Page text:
Clinical Engineering

BME’s clinical engineers design technologies, devices and strategies for people with chronic disease, traumatic injury, disabilities and mobility limitations to help them integrate more fully with their environment.

Check out the case studies below to learn about the exciting research done here at BME:

Neural Rehabilitation

Tom Chau with Students in his lab testing neural sensory device
Accessing the right to communication for children and youth with complex disabilities

Professor Tom Chau helps young people with complex disabilities connect with the world around them.

As a senior scientist and vice-president of research at Holland Bloorview Kids Rehabilitation Hospital, Chau leads the Paediatric Rehabilitation Intelligent Systems Multidisciplinary (PRISM) Lab to develop sensing, signal processing and machine-learning methods that enable children and youth with various disabilities to communicate and interact with their environment.

One of his recent foci is to use a non-invasive technique known as near-infrared spectroscopy — to decode brain patterns in young people with severe neurological disability. The signals can then be articulated through various access technologies to enable communication between the patient and their caregivers.


Jan Andrysek with patient testing out a prosthetic leg
Enabling mobility for those with physical disabilities

A typical artificial limb costs several thousands of dollars. Professor Jan Andrysek’s All-Terrain Knee (AT-Knee), developed at Holland Bloorview Kids Rehabilitation Hospital, is high-functioning, durable, and costs a fraction of that price.

As a clinical engineer and scientist at Holland Bloorview Kids Rehabilitation Hospital, Andrysek leads the Paediatrics, Rehabilitation, Orthotics, Prosthetics, Engineering and Locomotion (PROPEL) Lab. Its study of human biomechanics allows them to develop and innovate affordable treatments and assistive technologies that enable mobility for individuals with severe physical disabilities.

Today, his spinoff company, LegWorks, is producing the AT-Knee to help amputees around the world regain their mobility and independence.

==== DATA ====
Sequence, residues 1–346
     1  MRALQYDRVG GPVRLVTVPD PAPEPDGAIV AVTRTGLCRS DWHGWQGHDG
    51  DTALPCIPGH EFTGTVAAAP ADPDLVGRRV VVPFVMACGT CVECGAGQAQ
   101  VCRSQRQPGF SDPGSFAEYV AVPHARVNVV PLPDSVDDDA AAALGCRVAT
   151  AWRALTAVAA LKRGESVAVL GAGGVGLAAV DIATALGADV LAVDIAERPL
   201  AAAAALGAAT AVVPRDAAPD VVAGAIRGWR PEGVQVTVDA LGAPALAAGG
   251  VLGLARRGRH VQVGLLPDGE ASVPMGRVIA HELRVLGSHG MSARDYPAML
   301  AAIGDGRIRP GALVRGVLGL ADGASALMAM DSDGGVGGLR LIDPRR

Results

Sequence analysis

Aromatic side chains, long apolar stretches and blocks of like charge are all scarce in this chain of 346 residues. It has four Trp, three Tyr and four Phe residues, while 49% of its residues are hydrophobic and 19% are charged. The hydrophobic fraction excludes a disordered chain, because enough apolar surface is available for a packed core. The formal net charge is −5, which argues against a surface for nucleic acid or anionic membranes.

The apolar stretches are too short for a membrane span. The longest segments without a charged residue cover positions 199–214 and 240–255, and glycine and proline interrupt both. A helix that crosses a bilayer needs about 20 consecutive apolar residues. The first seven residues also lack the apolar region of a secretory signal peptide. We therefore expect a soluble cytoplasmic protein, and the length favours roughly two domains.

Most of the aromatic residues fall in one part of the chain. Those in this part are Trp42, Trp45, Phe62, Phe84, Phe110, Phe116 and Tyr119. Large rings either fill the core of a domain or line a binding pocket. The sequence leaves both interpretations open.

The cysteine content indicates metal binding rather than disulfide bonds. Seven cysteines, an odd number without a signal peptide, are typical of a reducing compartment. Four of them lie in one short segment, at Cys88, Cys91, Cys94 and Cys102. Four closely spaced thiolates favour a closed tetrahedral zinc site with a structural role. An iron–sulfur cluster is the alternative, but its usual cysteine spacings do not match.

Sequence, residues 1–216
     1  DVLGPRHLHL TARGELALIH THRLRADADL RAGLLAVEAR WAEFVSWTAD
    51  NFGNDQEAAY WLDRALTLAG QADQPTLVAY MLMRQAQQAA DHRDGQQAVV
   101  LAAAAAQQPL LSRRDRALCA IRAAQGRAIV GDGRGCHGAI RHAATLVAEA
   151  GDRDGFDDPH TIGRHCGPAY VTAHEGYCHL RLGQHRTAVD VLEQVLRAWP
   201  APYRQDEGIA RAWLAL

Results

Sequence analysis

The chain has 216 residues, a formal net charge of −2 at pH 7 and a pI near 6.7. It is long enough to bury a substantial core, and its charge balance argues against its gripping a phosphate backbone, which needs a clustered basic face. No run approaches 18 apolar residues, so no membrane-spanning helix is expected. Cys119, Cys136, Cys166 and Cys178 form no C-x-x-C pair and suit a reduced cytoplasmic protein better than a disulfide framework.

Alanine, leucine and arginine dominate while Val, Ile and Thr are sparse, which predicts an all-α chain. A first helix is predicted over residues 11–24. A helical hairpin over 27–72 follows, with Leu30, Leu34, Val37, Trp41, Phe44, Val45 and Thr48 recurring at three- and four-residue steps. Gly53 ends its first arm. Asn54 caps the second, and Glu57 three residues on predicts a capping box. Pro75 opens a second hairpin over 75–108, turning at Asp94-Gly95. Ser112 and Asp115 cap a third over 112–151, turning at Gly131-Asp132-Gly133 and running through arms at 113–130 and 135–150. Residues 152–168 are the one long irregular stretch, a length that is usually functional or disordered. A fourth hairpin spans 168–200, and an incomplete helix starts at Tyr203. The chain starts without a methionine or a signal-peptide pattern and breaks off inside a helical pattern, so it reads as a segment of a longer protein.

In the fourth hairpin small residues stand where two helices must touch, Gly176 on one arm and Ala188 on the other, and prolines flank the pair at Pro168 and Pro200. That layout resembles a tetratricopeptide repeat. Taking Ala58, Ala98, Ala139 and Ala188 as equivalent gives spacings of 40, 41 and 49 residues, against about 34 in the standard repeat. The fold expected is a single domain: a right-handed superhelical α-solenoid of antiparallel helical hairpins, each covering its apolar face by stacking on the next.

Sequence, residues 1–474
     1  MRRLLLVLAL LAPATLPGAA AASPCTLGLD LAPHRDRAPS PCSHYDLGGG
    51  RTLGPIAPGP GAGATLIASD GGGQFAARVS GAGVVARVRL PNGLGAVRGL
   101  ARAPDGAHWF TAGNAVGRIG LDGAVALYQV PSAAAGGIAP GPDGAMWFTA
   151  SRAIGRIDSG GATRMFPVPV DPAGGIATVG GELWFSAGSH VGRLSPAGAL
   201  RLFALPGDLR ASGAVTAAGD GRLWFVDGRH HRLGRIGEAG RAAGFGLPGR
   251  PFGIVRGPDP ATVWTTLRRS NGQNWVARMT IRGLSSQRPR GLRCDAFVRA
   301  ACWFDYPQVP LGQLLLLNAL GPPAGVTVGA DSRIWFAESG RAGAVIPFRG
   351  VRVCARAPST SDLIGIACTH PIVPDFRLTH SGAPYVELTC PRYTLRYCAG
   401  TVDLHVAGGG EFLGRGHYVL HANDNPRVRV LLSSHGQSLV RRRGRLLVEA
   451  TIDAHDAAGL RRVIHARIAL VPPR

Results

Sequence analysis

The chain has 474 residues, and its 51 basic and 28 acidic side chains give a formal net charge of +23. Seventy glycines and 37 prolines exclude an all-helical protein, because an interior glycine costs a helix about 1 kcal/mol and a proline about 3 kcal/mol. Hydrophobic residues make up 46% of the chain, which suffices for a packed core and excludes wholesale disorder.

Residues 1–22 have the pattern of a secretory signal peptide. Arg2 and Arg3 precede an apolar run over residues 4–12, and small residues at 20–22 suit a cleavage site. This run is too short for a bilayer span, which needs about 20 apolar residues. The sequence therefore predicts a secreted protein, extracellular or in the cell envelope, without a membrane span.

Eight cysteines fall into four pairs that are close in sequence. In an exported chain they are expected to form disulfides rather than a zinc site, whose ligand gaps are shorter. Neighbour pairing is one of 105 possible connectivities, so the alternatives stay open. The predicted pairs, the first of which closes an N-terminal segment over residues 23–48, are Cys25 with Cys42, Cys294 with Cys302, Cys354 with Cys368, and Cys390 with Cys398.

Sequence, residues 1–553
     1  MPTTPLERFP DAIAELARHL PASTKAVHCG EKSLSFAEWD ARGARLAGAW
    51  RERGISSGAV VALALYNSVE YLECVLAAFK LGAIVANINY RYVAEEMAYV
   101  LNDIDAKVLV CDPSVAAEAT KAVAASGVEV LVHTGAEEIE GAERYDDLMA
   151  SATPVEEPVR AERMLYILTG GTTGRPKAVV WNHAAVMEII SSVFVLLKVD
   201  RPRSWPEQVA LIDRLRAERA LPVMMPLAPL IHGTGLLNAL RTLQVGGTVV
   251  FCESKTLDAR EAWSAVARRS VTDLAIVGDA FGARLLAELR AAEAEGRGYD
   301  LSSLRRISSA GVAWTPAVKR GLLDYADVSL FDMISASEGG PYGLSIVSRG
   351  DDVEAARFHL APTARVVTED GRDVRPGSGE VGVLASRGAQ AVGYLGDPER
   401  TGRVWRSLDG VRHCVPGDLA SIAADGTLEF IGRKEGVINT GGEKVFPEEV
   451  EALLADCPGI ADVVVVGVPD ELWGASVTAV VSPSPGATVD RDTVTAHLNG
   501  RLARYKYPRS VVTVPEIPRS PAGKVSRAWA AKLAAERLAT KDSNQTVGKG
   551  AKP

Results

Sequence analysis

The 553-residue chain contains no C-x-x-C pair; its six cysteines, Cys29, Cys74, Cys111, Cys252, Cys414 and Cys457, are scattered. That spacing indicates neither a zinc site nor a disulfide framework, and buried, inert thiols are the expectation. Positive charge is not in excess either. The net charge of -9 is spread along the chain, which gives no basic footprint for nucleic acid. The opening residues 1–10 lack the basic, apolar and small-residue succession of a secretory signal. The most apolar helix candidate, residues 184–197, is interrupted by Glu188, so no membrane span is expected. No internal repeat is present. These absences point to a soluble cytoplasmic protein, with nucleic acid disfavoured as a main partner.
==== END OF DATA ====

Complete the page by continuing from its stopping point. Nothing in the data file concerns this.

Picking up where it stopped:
Interactive Technology

students at a conference
Video games: a new therapeutic frontier

As a clinical engineer and scientist at Holland Bloorview Kids Rehabilitation Hospital, Professor Elaine Biddiss leads the Possibility Engineering and Research Lab (PEARL) to develop interactive technologies that assist young people with disabilities to accomplish rehabilitation goals.

One area of PEARL’s research focus is virtual reality therapy — an interactive, low-cost series of video games that impose virtual constraints to encourage therapeutic movements and can be customized to an individual’s rehabilitation needs. This particular innovation, along with several other developments from her lab, engages children with disabilities and mobility challenges to complete repetitive therapy tasks and foster social interactions through multiplayer options.

Read more news about clinical engineering

11 BME faculty members receive a combined $500,000+ funding from NSERC 

The Discovery Grant program is dedicated to supporting researchers as they venture into new territories to find solutions to pressing issues such as environmental protection, food security, and sustainable construction in cold climates. It aims to promote and maintain a diverse and high-quality research capability in the natural sciences and engineering at Canadian universities, foster research excellence, and provide a stimulating environment for research training.

Functional Electrical Stimulation sleeve to improve rehabilitation for motor control impairments

A recent study published in BioMedical Engineering OnLine introduces a novel smart sleeve designed for Functional Electrical Stimulation (FES) applications. This new technology integrates advanced carbon-based dry electrodes within a textile structure, offering significant improvements in comfort and usability for patients with motor control impairments.

Seven BME members receive Joint Seed Program funding for interdivisional research

Initiated in 2015, the Joint Seed Program is an interdivisional research funding program designed to promote multi-disciplinary research and catalyze new innovative partnerships between researchers from the Faculty of Applied Science and Engineering and those from outside of Engineering. The recipients for this year will undertake unique and innovative research initiatives ranging from developing bioinoculant strategies to equitable healthcare and advanced imaging techniques.

Dr. José Zariffa appointed KITE Chair in spinal cord injury research at UHN

Dr. José Zariffa will be the holder of the KITE Chair in Spinal Cord Injury Research at UHN, a joint Hospital-University Named Chair between the University Health Network and the University of Toronto (UofT), for a five-year term, effective April 1, 2024. The KITE Chair in Spinal Cord Injury Research was initially established in December 2007 thanks to the kind and thoughtful generosity of a variety of donors to Toronto Rehabilitation Institute.

Enhancing Neurostimulation

Researchers at UHN’s KITE Research Institute have recently leveraged the power of deep learning to improve nerve signalling interpretation, paving the way for more effective neuroprosthetic devices and offering new hope for those with impaired motor function.

Computational model unveils dynamics of Deep Brain Stimulation 

Deep Brain Stimulation (DBS) has been a longstanding adjunctive therapy for movement disorders like Parkinson’s disease, yet its precise mechanisms of action have remained elusive. In a recent study published in the journal Neuromodulation, Dr. Milad Lankarany and his team have introduced a computational model that accurately predicts the dynamics of neuronal activity during DBS across various frequencies.